Attack On Manchester Arena

Monday night saw an attack at Manchester Arena, which left (according to the most recent reports from Greater Manchester Police at the time of writing) 19 people dead and 50 injured. A large explosion in the foyer at roughly 10:30 PM reduced the Ariana Grande concert to a state of chaos, and authorities are treating the event as a potential terrorist incident. Concert-goers report having heard a loud bang, as well as seeing a flash and smoke. This led to immediate and intense confusion and panic amongst all present. The aftermath of the attack saw roads closed off, Manchester Victoria Station shut with all trains cancelled, and shaken victims wrapped in blankets as bomb disposal units attempted to remove any immediate threat. Grande, unharmed, later Tweeted: “broken. from the bottom of my heart, i am so so sorry. i don’t have words.”

Manchester Arena is the largest venue in the city and can accommodate up to 18,000 guests for concerts such as Grande’s. In a statement made to the BBC, Manchester City Council Spokesman Pat Carney said that the event was “a very easy target” for an attack, such as this one because it was attended largely by teenagers and young people, none of whom suspected that their night might go in this direction. Undoubtedly, a huge part of this attack’s impact stems from the fact that it has occurred during a time when worries about this kind of unpredictable mass violence are at an all-time high. For instance, many were shaken when news of Khalid Masood’s attack on Westminster Bridge – where he killed four and injured roughly 50 by driving a vehicle into the crowds – first emerged in March. In even broader, but no less significant context, extreme attacks of this nature have shaken Europe repeatedly in recent years, leaving many feeling distinctly as though their national security is at threat.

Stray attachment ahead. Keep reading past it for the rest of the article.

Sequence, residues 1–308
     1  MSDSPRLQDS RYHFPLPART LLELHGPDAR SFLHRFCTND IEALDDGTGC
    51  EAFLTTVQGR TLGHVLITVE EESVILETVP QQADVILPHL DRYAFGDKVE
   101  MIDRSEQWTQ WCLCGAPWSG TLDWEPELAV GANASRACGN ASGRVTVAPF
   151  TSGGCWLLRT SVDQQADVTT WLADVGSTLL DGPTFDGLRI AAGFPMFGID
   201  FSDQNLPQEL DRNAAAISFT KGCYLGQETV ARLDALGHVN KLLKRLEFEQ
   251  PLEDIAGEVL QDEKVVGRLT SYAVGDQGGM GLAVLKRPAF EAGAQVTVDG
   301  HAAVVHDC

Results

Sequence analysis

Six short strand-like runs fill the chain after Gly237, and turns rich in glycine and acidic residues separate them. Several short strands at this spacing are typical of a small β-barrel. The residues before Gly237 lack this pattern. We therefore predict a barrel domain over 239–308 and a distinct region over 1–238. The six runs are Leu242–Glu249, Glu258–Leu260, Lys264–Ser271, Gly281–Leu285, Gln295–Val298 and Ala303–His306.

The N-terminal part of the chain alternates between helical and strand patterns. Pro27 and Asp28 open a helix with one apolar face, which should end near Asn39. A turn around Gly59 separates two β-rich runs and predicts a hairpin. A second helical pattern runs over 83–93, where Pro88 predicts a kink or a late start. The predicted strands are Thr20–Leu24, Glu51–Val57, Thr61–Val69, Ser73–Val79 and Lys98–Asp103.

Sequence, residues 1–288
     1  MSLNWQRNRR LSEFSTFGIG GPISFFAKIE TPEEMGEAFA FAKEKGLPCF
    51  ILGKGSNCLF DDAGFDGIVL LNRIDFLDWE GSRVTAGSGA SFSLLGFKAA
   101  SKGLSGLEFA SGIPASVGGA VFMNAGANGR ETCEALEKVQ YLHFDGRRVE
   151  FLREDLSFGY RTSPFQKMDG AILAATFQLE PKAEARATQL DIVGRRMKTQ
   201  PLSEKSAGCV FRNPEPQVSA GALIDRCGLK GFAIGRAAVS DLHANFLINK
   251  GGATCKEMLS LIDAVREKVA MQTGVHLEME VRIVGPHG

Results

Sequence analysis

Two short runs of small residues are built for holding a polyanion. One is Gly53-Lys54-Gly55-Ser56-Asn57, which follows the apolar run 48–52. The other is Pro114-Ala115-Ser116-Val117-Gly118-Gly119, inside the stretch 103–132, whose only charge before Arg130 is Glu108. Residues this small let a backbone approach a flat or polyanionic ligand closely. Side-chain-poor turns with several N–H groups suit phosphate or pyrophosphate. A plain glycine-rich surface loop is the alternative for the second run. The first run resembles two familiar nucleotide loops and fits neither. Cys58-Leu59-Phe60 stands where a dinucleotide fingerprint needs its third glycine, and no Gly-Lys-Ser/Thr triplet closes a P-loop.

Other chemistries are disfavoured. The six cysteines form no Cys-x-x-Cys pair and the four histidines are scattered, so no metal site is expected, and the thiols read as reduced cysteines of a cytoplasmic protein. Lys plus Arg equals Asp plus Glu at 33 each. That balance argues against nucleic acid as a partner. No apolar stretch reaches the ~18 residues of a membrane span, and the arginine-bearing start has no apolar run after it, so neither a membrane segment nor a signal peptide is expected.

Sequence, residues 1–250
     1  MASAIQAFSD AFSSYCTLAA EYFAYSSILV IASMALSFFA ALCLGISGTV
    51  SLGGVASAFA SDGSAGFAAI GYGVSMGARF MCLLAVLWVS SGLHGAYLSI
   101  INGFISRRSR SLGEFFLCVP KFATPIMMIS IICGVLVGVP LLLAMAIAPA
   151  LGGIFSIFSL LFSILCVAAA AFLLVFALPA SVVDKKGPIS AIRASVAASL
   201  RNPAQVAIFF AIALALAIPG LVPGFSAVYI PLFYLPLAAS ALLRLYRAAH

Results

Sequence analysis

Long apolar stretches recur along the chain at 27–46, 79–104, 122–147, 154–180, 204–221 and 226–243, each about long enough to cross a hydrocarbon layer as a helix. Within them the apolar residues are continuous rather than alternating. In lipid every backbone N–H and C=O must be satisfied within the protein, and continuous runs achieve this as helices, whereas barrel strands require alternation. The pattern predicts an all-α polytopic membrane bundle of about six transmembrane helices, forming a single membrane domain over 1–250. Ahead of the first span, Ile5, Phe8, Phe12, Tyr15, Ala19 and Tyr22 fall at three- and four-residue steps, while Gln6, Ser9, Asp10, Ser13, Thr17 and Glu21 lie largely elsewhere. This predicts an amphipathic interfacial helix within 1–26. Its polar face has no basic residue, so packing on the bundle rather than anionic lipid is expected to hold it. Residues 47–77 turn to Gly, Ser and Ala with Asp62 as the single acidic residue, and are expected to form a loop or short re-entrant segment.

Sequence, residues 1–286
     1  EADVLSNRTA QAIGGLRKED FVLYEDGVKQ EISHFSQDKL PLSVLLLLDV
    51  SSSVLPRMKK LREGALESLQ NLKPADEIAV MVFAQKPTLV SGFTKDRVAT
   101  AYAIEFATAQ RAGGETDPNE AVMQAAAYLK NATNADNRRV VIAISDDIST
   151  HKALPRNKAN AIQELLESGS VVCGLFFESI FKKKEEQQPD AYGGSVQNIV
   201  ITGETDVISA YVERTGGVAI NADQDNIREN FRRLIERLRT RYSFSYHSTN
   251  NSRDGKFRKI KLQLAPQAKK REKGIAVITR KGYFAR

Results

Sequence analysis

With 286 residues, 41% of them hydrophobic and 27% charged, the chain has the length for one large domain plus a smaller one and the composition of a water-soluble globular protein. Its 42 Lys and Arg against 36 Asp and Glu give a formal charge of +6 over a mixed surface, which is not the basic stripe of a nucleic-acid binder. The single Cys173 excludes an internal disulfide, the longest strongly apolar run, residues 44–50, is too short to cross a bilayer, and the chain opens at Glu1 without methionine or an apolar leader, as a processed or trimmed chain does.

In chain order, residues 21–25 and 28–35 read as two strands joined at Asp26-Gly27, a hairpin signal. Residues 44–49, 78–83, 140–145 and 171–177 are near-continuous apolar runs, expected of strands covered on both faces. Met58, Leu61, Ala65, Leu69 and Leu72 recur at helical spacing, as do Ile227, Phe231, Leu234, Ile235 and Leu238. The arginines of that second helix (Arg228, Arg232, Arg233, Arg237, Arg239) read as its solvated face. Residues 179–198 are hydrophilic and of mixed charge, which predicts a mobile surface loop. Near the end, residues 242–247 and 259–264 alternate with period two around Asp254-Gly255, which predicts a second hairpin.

Reports of the attack have left the public in shock, but many have rallied around those who were at the concert, offering help wherever they’ve been able to. Almost immediately following the first reports, #RoomForManchester began trending on Twitter as stranded victims were offered places to stay by concerned citizens and a nearby hotel, and as taxi drivers and others nearby offered free car journeys to those affected. This is an extremely heartening response to an unequivocally harrowing event. Many Europeans may feel that they are being pushed by events such as these to reconsider their place in a wider global order, or even to reformulate their personal political positions. However, those who have participated in #RoomForManchester have shown that it is possible to react to terrible situations with solidarity and purpose, rather than fear and sadness alone. Coming days and weeks will see this story unfold further as authorities ascertain what really happened. But in the direct aftermath of the attack, the citizens of Manchester have demonstrated the kind of resolve which is likely to create proactive and gratifying solutions going forward.

Samantha van Staden
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